Data Protection and patch management of virtual desktops, while not a sexy topic, is one that should happen on a regular basis within any organization implementing or working to implement virtual desktops. Recently, we have been testing virtual desktop software and there is a huge difference between patching and protecting data in a small number of instances and 1000s of instances. There are scale considerations as well as ease of use for file level and system recovery as well as issues with patching virtual desktops (not to mention other security issues).
One aspect of SDDC that does not get a lot of attention is Data Protection, instead we are concentrating on SDN and automation. Yet, this leads me to Data Protection. There is a clear marriage between Data Protection and SDDC that needs to be added to any architecture. As with all things, we start with the architecture. Our SDDC architecture should also include data protection, but what data are we really protecting? Within SDDC there are three forms of data: tenant, configuration, and automation. Without one or the other, we may not be able to reload our SDDC during a disaster. What is required to get these three types of data, what really are these types of data? and how can we add data protection into SDDC cleanly?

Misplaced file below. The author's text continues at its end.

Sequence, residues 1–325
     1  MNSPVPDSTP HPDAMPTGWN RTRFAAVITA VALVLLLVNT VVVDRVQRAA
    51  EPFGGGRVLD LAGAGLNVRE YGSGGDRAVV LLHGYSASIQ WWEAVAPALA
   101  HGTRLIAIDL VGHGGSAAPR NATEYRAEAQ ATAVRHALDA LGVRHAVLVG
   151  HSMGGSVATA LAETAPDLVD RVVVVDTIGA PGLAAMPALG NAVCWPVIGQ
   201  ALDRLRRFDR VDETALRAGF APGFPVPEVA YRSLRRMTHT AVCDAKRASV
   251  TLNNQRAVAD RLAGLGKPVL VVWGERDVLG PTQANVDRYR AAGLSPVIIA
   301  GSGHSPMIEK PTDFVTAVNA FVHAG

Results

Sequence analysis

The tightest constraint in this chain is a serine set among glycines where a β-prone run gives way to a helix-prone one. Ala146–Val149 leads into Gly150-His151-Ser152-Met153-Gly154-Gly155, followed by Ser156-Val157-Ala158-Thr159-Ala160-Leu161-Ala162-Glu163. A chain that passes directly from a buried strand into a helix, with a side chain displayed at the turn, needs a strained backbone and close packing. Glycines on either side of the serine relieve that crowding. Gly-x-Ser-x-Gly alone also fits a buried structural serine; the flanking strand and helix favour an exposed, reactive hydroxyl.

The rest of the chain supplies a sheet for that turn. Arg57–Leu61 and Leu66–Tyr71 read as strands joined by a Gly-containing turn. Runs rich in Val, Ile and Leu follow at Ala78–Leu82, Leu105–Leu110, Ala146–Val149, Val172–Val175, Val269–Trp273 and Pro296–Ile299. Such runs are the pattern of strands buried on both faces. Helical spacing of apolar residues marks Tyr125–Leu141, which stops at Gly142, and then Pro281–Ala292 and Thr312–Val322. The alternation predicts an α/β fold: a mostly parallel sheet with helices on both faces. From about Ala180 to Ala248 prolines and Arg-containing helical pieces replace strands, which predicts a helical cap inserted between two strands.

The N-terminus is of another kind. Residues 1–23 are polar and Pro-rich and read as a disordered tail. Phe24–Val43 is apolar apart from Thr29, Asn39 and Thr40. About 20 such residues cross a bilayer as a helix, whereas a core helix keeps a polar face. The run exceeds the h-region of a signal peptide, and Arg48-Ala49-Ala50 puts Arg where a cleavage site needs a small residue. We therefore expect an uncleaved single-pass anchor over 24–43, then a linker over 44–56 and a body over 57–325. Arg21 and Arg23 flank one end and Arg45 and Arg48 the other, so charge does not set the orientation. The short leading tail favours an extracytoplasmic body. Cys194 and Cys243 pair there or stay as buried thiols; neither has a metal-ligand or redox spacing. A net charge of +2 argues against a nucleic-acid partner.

The public cloud reality is much different than the hype. You only get from the public cloud what you bring to it. You need to bring your own security, performance monitoring, knowledge, and expertise.
I would like to thank Mike Laverick for reporting this typo and spurring thoughts on datasores. Unlike a Data Store which holds data, a datasore is a place where data becomes either painful to manage or protect. Or where the data exceeds your capability to handle it.
It is possible to get data protection for your virtual and cloud environments for free today, but there are are often limits. Trialware as it is called provides just enough of a taste for the data protection tool to convince you to buy the versions with more capabilities. However, for the SMB, the free versions may be good enough.
Move to the Cloud could be the simple choice of providing as needed DR capability, but always remember the cloud is not the data owner and therefore not responsible for your data, so you must get it “There and Back Again”